Seeing as how we are a think tank, I sat down today to think about the stimulus package as passed by the House last week. Quickly, as it is wont to do, my mind wandered to the subject of food. I tried thinking about the trillion dollar stimulus package again. Then more food. Stimulus… hot dog… stimulus… hot dog.
Then it came to me – my brain was reminding me of something. A while ago, I read about the “hot dog rollup,” an attempt by some college kids to come up with the most unhealthy food of all time. This coronary delight (to which was ascribed the name “The Last Supper” by my wife) included a hot dog rolled in bacon, then rolled in egg-soaked ground beef and topped with butter and cheese. For a full play-by-play account of the creation of this Frankenweiner, go here. (Those who lived after eating it give at a thumbs-up.)
In effect, the stimulus bill is the legal equivalent of the hot dog rollup. To call the bill “pork” does a disservice to swine across the nation. It is comprised of special interest favors, heaped on top of contributor paybacks, slathered with a healthy dose of social engineering, all on a buttery roll. Charles Krauthammer has called it “the largest earmark bill – earmark, but without stealth, just out in the open-of special interests, favors, parochial interests, in American history.”
Take, for instance, the “Buy America” provisions of the bill that require steel paid for by stimulus funds to come from American sources. As people who actually do business in these areas have pointed out, this provision is almost certain to spark a trade war that could depress the economy even further. Most members of Congress probably think “Smoot-Hawley” is a company that makes canned apricots. We’ve been down this road before, with disastrous results.
Yet the “Buy America” provision is merely a giveaway to union workers, the overwhelming majority of whom vote for and contribute money to Democrats. The bill sends billions of dollars to states to prop up their government programs – which special interest groups like the teachers’ union and human service advocates spend generously during campaigns to protect.
As a result, I will be here at my computer waiting, patiently, for “good government” groups like the Wisconsin Democracy Campaign and Common Cause to condemn this bill for all its special interest giveaways. The Democracy Campaign keeps trying to convince us that our corrupt government for sale to the highest bidder – no better chance to point that out than when Congress passes the largest lard-laden bill in American history.
Of course, this is a joke – because these “good government” groups are merely a front for liberals to push their ideology under the guise of cleaning up campaign finance. If they truly wished to clean up the system, they’d be cranking out press release after press release condemning the stimulus package. But since it was passed by their Democratic brethren, you will hear nothing but crickets from their phony outrage factories.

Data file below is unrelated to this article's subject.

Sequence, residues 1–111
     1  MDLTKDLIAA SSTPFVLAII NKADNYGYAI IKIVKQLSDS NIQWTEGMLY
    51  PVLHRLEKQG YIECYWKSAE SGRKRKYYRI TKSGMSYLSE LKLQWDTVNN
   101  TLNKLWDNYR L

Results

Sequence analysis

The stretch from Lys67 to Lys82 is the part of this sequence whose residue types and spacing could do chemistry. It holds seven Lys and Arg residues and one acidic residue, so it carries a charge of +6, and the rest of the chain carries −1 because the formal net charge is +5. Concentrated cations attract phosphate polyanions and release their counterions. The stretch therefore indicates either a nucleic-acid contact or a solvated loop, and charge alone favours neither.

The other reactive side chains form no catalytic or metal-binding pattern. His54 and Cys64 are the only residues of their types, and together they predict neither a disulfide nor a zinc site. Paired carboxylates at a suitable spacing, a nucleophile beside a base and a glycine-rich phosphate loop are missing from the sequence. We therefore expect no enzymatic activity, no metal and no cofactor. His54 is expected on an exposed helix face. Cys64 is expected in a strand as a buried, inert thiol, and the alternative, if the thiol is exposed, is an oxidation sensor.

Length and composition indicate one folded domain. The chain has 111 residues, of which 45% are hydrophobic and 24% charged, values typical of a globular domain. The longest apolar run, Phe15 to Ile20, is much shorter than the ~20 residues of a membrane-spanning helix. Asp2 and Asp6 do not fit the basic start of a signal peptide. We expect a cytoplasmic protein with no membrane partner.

In fact, for the Democracy Campaign, corruption only apparently exists when the Legislature passes tax cuts, rather than new spending. Their evidence that the Wisconsin Legislature is corrupt is based almost solely on how many tax exemptions we have – not on how much spending we do to appease their big-government tastes. So, if you’re scoring at home:
Letting you keep more of your own money = “corrupt”
Using government to distribute your money to a select group of campaign contributors = “stimulus.”
Perhaps I’m being too negative. I’m sure their criticism of the biggest special interest spending spree in American history is forthcoming. If you see it, let me know – I’ll be out riding on my unicorn with Natalie Portman.
February 3, 2009 at 8:15 am
Christian, WPRI is a “think tank” in name only. It is funded by industry, and in my opinion that makes it a special interest group.
And there’s nothing wrong with that, as long as there is transparency in funding, but I’d rather see your special interests be the taxpayers instead. Seeing the advocacy of Wisconsin Democracy Campaign and Common Cause, I’ll support their issues over WPRI’s any day.
That said, the Republicans are mostly correct that their is massive pork in the Dem’s stimulus bill. Sort of like the Bush tax cuts and the Medicare drug program that will transfer $780 billion to the pharmaceutical industry.
But the R’s absolutely deserve every bit that is in the bill because they have supported our very pay-to-play political system that brought the spending bill to the forefront.
Live with it, or fix it. Get rid of the conflicts of interest in the political system as you would if these same conflicts existed in your business.
February 3, 2009 at 11:58 am
When J.Maynard Keynes suggested the US spend to stimulate the economy and make the difference between supply and demand, he never thought about parties or pork barrel interests. It was just to jump start the engine. Lets hope, that this particular large amount of debt driven demand has a s little as possible, though we also know thats not quite possible. The best that can be said right now, is that party spending is what it is. The GOP has spent the past 8 years enriching the accounts of few based on the same concept of spending, but its disguised as war so more pork can be hidden. The Dems have there chance at plate and we can only hope some remember economics has ripple affects and that is where the majority of stimulus should be used to stimulate demand. If not, we are all in alot worse trouble than appears.